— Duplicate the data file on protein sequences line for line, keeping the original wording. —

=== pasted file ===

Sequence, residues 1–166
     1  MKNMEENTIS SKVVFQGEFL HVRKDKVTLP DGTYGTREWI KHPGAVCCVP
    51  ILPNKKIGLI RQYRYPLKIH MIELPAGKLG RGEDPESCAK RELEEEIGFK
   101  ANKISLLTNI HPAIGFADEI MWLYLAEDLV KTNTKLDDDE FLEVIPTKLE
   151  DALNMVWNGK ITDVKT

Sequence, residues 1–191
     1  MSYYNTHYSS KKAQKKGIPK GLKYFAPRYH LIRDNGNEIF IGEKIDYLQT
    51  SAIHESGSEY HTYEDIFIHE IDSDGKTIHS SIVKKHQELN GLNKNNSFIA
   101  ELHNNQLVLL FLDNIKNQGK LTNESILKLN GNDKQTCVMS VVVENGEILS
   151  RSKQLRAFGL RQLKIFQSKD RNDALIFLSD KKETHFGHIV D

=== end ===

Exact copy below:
Sequence, residues 1–166
     1  MKNMEENTIS SKVVFQGEFL HVRKDKVTLP DGTYGTREWI KHPGAVCCVP
    51  ILPNKKIGLI RQYRYPLKIH MIELPAGKLG RGEDPESCAK RELEEEIGFK
   101  ANKISLLTNI HPAIGFADEI MWLYLAEDLV KTNTKLDDDE FLEVIPTKLE
   151  DALNMVWNGK ITDVKT

Sequence, residues 1–191
     1  MSYYNTHYSS KKAQKKGIPK GLKYFAPRYH LIRDNGNEIF IGEKIDYLQT
    51  SAIHESGSEY HTYEDIFIHE IDSDGKTIHS SIVKKHQELN GLNKNNSFIA
   101  ELHNNQLVLL FLDNIKNQGK LTNESILKLN GNDKQTCVMS VVVENGEILS
   151  RSKQLRAFGL RQLKIFQSKD RNDALIFLSD KKETHFGHIV D